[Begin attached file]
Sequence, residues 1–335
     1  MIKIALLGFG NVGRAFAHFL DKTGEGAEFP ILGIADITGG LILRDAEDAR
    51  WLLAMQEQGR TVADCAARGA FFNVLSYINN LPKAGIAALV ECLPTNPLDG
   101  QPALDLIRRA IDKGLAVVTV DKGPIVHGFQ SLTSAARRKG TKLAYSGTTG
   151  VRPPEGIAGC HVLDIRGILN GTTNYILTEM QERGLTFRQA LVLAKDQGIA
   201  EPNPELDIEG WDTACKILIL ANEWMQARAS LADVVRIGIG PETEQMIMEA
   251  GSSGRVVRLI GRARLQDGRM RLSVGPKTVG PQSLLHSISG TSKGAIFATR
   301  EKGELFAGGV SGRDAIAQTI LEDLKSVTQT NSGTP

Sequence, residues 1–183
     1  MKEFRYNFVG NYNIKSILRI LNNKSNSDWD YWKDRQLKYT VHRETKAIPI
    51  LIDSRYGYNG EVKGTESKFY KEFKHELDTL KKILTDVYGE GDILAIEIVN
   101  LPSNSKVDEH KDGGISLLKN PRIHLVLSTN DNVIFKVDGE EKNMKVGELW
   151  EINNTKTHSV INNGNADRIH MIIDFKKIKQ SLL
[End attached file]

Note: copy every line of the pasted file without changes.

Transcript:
Sequence, residues 1–335
     1  MIKIALLGFG NVGRAFAHFL DKTGEGAEFP ILGIADITGG LILRDAEDAR
    51  WLLAMQEQGR TVADCAARGA FFNVLSYINN LPKAGIAALV ECLPTNPLDG
   101  QPALDLIRRA IDKGLAVVTV DKGPIVHGFQ SLTSAARRKG TKLAYSGTTG
   151  VRPPEGIAGC HVLDIRGILN GTTNYILTEM QERGLTFRQA LVLAKDQGIA
   201  EPNPELDIEG WDTACKILIL ANEWMQARAS LADVVRIGIG PETEQMIMEA
   251  GSSGRVVRLI GRARLQDGRM RLSVGPKTVG PQSLLHSISG TSKGAIFATR
   301  EKGELFAGGV SGRDAIAQTI LEDLKSVTQT NSGTP

Sequence, residues 1–183
     1  MKEFRYNFVG NYNIKSILRI LNNKSNSDWD YWKDRQLKYT VHRETKAIPI
    51  LIDSRYGYNG EVKGTESKFY KEFKHELDTL KKILTDVYGE GDILAIEIVN
   101  LPSNSKVDEH KDGGISLLKN PRIHLVLSTN DNVIFKVDGE EKNMKVGELW
   151  EINNTKTHSV INNGNADRIH MIIDFKKIKQ SLL